This will be my usual contrarian take on Bob Dylan, which makes me a truer fan of his because nobody is more contrarian than Bob.
This latest in the Bootleg Series is available in the usual variety of formats, but on Apple Music there’s just the “double CD” version, so I have not gone too far into the weeds of the 5-disc edition. I’m not one for that kind of thing anyway.
I start from a contrarian position because I’ve never really been of the opinion that Dylan had a wholly terrible fallow period in the 1980s. I blogged about this previously. So I was fully prepared for some quality stuff to be revealed by this collection. I’ve been intrigued to read that some of this material was hard to recover because it was recorded using a now-obsolete digital recording technology. I’m assuming this might have been the brief period of 48kHz digital based around repurposed digital video hardware – or possibly it was very early 44kHz recording. Modern high-end digital recording will be based around 192kHz hardware, which is always downsampled to 44kHz, your original 16-bit CD format, whereas 48kHz was DAT/DV. So if something was recorded at with 48kHz sampling, it would be like tape recorded at the wrong speed.
Or something! The point (fnar) is, they had to do a lot of maths on some of these recordings, and if you’ve ever multiplied one number containing a load of decimal points with another number containing a load of decimal points, you know that you will end up with a lot more decimal points than your system can handle. The “word length” as it is called will end up being much longer than the number of bits you have. And even if they’re working within a 64 bit system, it all has to be downsampled to 16 bits for a standard CD release. It’s complicated.
Now, having said previously that Dylan wasn’t all that bad in the 80s, I’m now going to kind of contradict myself and say that this Bootleg Series release has revealed more bad than good. I’ll stick to a few highlights and lowlights rather than going through the whole thing.
The collection starts quite well with “Angelina”, a Shot of Love outtake, which is okay. But we’ve heard it before, on the original Bootleg Series, Vols 1-3. Still, Shot of Love was a decent enough record, and the stuff on here is pretty decent because the musicians-for-hire were very good. “Need a Woman”, “Let’s Keep it Between Us”, “Price of Love” and so on. Not bad. Not so keen on “Yes Sir, No Sir” and “Fur Slippers”, but okay.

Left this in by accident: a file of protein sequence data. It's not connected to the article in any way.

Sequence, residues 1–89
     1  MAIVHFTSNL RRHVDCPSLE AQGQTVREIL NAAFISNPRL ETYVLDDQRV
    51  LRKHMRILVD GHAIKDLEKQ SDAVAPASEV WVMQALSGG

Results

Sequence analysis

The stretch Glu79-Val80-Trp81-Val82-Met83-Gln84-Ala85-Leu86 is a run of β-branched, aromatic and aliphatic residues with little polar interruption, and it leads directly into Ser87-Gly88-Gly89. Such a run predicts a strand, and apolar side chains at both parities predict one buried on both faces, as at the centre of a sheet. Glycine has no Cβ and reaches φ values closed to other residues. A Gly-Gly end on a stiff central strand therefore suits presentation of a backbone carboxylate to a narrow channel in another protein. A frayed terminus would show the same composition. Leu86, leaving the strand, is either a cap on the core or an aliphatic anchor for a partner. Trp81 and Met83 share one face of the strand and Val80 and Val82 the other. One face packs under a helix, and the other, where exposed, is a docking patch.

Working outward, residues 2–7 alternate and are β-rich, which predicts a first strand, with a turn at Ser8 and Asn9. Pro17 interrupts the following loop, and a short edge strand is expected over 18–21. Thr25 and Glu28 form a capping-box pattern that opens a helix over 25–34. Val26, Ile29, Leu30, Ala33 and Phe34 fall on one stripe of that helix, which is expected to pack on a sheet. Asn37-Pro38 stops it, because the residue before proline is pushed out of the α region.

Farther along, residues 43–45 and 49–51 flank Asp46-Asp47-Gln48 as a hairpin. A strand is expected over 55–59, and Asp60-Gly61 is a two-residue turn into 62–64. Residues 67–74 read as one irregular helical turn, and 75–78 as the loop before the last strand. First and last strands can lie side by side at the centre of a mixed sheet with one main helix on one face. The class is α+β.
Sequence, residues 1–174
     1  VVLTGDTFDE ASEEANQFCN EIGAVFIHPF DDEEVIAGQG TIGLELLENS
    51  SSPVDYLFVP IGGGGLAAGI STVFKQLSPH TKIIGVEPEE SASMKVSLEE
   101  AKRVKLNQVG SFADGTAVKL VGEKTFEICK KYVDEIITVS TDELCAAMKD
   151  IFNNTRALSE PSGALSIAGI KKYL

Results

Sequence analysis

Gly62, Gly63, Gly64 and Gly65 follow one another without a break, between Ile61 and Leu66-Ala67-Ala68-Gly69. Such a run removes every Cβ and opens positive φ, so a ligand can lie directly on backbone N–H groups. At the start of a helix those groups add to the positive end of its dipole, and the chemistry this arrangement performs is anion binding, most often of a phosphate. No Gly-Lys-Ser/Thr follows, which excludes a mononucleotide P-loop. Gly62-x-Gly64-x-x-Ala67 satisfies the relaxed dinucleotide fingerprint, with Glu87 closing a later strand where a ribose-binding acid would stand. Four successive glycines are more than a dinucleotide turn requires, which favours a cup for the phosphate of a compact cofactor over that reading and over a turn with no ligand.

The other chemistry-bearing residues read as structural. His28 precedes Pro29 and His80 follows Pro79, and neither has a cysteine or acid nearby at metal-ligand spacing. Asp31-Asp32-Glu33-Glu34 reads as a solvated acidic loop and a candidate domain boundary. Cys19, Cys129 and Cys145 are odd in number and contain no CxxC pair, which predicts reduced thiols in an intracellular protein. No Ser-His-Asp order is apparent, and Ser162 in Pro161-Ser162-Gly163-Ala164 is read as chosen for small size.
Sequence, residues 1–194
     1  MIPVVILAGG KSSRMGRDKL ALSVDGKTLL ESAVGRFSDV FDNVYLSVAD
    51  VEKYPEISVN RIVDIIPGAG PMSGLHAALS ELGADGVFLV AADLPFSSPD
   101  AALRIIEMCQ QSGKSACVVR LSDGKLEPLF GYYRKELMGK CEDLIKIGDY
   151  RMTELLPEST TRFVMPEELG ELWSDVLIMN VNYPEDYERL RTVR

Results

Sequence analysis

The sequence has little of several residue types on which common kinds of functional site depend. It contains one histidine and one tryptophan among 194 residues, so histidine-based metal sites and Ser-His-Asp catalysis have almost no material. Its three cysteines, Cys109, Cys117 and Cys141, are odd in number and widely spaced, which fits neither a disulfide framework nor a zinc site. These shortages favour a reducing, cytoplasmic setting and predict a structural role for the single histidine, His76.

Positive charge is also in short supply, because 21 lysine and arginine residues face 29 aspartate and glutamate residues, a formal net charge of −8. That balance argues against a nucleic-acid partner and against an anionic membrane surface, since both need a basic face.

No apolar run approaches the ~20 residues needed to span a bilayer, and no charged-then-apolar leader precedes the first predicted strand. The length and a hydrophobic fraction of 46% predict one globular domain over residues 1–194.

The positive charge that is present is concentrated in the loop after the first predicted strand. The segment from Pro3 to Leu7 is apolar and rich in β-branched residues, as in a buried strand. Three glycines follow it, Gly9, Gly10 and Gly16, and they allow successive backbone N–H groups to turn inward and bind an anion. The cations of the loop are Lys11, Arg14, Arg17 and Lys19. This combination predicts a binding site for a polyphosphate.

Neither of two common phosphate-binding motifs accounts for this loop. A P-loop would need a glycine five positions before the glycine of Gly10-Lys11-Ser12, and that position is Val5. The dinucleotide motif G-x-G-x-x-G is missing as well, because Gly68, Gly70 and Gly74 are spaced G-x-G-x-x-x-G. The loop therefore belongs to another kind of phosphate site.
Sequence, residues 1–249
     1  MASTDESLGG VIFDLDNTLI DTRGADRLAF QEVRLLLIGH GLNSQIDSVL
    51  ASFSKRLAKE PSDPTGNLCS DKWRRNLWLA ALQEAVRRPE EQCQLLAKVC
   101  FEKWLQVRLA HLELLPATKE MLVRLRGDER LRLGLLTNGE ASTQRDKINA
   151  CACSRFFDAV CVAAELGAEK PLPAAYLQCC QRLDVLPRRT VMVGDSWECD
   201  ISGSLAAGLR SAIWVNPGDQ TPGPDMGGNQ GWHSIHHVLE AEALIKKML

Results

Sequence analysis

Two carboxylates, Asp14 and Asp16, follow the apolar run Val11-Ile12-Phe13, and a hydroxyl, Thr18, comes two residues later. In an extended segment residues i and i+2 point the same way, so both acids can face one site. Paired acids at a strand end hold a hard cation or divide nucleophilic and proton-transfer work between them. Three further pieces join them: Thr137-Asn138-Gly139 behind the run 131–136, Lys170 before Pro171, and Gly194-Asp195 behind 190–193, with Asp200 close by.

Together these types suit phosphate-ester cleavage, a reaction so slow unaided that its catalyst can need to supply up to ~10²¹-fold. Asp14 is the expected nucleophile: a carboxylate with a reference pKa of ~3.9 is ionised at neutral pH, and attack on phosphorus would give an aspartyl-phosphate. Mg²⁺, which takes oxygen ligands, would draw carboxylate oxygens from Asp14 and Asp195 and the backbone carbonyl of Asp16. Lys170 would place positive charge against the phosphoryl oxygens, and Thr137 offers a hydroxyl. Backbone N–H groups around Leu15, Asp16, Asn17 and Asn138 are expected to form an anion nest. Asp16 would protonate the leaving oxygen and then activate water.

The problems start with Infidels, which in comparison to Shot of Love is not so much the much vaunted “return to form” as a giant pile of mindless boogie with the occasional ray of sunshine. I’ve always considered this second outing for Mark Knopfler a huge disappointment compared to Slow Train Coming. Knopfler’s guitar playing is not suited to the tiny windows of opportunity offered by Dylan’s songs. It needs breathing space, which it doesn’t get with the tight rhythms and verbose lyrics. “Jokerman” is still good, but it’s one of many songs here in which Dylan tries to have a refrain/chorus that just doesn’t work. I honestly think “Jokerman” would be a better song without its title-providing refrain. “Ooh oooh oooh Jokerman” is, frankly, rubbish.
Controversial opinion incoming: I hate “Blind Willie McTell”. I’ve never understand why people rave about it. It’s another song with a pointless refrain. I’ve no idea what “Nobody can sing the blues like Blind Willie McTell” has to do with the price of eggs in this song. I dislike the blues anyway, so whenever Dylan plays it (or boogie), I just switch off.
Another shit refrain is “Don’t Fall Apart on Me Tonight” – a song which is almost good until he gets to the bridge and then the chorus: “I just don’t think that I could handle it” is a line that belongs in the Queen Vic, spoken by one of the Mitchell Brothers.
And speaking of boogie. “Neighbourhood Bully”, “Foot of Pride”, “Enough is Enough” – all terrible. The band Dylan was playing with on Infidels is supposed to be great, but Mick Taylor is under-utilised, and Knopfler is wasted on dross like this. Frankly, Mike Campbell is a better guitarist for Dylan (or anyone, for that matter).
Lyrically, Dylan was struggling with his pointless refrains and dropping in too many clichés, like the one about being nice to people on the way up, which he’s so fond of he uses it in two different songs. One of them is “Too Late”, which I quite like, but it still has a fairly useless refrain, a pattern he keeps repeating on this record. Later on, he moves on to stealing dialogue from Humphrey Bogart films, which is infinitely preferable.
It’s interesting to hear “Someone’s Got a Hold of My Heart”, an early version of “Tight Connection to My Heart”, but it’s nowhere near as good. And the same is true of “New Danville Girl”, which is clearly the rough outline of “Brownsville Girl” but without the fully realised lyrics and sadly lacking the excellent Greek chorus backing vocals.
And while it’s very nice to hear Empire Burlesque songs without the shit 80s production, I think the BVs are mixed too low now, so I kinda miss them. If you’re me, you’re going to play most of this once or twice and then forget it forever.